Treating Earthquake Victims in Haiti
Most days Dr. Bill Rutherford can be found making a difference for patients in the Indiana Universisty Health emergency room. But this accomplished doctor also played a pivotal role in the care of thousands of victims in the weeks and months following the devastating earthquake in Haiti.
Like many IU Health doctors, Dr. Rutherford is no stranger to mission work abroad. He has been going to Haiti for more than 20 years and has an established clinic he returns to at least two times a year. When the earthquake rocked this already devastated country, he knew he had to go.
“I’ve known these people, some of them for 20 years and it really is personal,” says Rutherford.
Because of the dire conditions, it took Dr. Rutherford and a colleague four days to enter the country. When they made it to their clinic, they found the need was overwhelming.
“When we walked in, there were about 3,000 people waiting for us, including about 900 patients,” says Rutherford.
The doctors worked 22-hour days in deplorable conditions with little to no medical equipment.
“There’s a medical definition for a disaster which is one more patient than you have resources,” says Rutherford. “By that definition, Haiti was a disaster on its best day. This almost became civil war medicine.”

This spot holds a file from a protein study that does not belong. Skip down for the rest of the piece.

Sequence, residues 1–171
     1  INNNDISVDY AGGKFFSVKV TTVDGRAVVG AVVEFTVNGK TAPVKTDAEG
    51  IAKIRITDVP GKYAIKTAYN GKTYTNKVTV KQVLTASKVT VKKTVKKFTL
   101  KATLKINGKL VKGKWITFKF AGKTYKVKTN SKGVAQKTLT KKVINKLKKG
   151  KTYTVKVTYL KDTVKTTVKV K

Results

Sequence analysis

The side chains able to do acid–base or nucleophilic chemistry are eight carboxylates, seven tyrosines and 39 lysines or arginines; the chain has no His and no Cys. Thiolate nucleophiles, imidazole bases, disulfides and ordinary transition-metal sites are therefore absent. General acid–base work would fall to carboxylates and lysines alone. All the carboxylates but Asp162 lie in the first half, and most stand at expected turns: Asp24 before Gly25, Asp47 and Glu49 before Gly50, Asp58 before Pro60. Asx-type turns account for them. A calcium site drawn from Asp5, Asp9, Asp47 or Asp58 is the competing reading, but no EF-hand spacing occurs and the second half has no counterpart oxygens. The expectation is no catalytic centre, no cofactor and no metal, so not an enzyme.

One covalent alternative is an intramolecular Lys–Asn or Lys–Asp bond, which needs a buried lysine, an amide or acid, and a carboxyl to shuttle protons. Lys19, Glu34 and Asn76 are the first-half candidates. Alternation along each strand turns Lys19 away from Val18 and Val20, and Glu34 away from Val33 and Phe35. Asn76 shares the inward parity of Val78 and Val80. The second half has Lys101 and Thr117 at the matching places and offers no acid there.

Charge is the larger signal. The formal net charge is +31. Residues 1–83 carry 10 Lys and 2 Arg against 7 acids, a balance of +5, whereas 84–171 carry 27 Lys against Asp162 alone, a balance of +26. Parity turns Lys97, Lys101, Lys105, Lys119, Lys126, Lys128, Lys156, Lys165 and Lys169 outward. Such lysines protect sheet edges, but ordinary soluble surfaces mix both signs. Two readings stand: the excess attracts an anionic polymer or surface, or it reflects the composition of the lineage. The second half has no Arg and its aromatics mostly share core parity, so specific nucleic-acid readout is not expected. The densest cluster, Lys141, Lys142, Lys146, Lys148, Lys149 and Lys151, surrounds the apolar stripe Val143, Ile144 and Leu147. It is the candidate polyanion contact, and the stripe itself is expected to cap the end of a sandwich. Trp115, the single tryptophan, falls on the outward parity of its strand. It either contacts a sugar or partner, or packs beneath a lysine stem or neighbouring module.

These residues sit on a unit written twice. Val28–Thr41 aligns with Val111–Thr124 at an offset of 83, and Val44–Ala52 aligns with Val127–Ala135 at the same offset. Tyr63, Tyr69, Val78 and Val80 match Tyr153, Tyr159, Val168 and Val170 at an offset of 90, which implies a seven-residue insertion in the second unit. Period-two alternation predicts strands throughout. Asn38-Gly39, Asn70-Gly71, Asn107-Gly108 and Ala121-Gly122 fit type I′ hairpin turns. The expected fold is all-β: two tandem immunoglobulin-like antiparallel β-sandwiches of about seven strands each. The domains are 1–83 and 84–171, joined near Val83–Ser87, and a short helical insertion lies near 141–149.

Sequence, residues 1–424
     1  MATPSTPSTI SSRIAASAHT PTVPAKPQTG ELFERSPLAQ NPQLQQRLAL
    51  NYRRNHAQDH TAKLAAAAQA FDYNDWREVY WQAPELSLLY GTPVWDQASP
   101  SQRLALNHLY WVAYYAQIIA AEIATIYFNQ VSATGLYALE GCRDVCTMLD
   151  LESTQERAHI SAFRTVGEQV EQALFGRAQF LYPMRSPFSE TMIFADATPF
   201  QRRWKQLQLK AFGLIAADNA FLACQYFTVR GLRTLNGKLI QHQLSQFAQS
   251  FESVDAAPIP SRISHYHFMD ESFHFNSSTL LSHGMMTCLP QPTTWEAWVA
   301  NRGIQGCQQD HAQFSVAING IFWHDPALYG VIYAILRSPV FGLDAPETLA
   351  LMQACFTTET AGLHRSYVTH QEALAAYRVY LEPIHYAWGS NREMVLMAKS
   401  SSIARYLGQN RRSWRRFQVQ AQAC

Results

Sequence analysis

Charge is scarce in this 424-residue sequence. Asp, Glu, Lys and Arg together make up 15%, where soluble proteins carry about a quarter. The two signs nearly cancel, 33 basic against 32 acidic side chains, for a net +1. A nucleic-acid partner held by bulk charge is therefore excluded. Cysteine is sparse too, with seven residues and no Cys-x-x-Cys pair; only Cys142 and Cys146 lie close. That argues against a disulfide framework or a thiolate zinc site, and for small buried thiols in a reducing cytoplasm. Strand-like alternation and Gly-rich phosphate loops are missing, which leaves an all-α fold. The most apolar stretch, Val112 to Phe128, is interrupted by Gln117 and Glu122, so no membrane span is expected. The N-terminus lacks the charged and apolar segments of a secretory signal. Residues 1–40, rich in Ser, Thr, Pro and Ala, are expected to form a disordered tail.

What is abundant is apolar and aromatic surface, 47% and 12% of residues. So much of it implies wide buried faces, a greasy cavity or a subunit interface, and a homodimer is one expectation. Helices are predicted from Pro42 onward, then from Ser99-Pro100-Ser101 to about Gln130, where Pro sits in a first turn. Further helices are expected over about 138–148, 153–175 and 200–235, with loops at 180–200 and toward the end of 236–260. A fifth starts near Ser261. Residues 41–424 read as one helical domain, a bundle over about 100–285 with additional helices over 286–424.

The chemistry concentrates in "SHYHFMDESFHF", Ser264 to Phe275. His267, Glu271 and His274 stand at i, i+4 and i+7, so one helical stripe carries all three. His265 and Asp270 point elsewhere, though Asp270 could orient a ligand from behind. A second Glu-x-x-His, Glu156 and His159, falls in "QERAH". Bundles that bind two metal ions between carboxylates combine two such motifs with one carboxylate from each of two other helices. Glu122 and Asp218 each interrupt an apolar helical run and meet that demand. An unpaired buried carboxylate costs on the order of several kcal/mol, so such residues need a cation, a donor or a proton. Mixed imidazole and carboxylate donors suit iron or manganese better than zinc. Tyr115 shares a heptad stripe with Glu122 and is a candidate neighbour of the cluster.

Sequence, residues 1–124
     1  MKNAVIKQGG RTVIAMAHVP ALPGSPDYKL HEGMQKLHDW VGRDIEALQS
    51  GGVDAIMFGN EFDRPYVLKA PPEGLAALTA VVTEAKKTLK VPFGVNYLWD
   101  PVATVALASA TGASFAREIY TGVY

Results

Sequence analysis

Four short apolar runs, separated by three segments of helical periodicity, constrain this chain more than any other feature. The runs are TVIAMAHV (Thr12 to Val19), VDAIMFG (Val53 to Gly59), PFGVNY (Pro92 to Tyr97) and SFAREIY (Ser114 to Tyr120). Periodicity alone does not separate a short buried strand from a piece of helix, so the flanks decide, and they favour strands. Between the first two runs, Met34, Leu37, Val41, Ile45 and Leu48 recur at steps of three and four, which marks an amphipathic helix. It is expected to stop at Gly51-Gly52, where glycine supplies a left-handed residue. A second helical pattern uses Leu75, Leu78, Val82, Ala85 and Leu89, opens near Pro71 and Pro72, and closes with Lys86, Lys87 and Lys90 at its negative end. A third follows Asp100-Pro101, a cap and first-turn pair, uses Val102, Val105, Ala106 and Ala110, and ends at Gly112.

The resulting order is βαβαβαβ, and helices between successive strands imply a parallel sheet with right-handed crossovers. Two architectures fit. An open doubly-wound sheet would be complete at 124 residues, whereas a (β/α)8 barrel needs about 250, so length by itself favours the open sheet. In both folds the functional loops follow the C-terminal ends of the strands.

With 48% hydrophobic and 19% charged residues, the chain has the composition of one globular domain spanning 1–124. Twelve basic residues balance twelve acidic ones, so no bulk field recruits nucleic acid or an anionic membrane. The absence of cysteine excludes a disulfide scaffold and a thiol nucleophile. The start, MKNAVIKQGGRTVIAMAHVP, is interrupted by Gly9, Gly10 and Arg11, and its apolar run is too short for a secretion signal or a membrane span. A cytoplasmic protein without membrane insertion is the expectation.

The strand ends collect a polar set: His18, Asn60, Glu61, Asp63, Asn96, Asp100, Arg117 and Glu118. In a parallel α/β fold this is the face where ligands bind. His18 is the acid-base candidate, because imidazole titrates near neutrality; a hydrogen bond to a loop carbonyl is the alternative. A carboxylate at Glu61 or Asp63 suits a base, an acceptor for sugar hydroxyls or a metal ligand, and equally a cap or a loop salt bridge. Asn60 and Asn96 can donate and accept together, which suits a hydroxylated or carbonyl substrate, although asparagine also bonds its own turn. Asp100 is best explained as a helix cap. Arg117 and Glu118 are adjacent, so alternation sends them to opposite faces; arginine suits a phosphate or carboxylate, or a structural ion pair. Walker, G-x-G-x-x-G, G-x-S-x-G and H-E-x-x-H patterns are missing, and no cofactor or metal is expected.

Most of Rutherford’s supplies were buried under the rubble. He quickly adapted, making due with what was available.
“When you run out of casting material, which we did within hours, you learn that palm bark pulled off a tree and placed around the leg and wrapped with duct tape makes a really good cast. You just become very inventive,” says Rutherford.
Because there were simply no supplies, countless amputations were performed under local anesthesia followed up with two Tylenol for pain. Despite it all, the people were gracious and thankful.
Rutherford blogged about the countless faces he saw and stories he heard. His powerful words triggered an emotional outpouring from his team back home.
“I got email daily from people. There was financial support from people within the IU Health family,” says Rutherford.
Since the initial emergency, Rutherford has made four additional trips to help the people of Haiti. As the area slowly recovers he promises the people he now calls friends one thing.
“We will be back. I can’t imagine not going,” says Rutherford.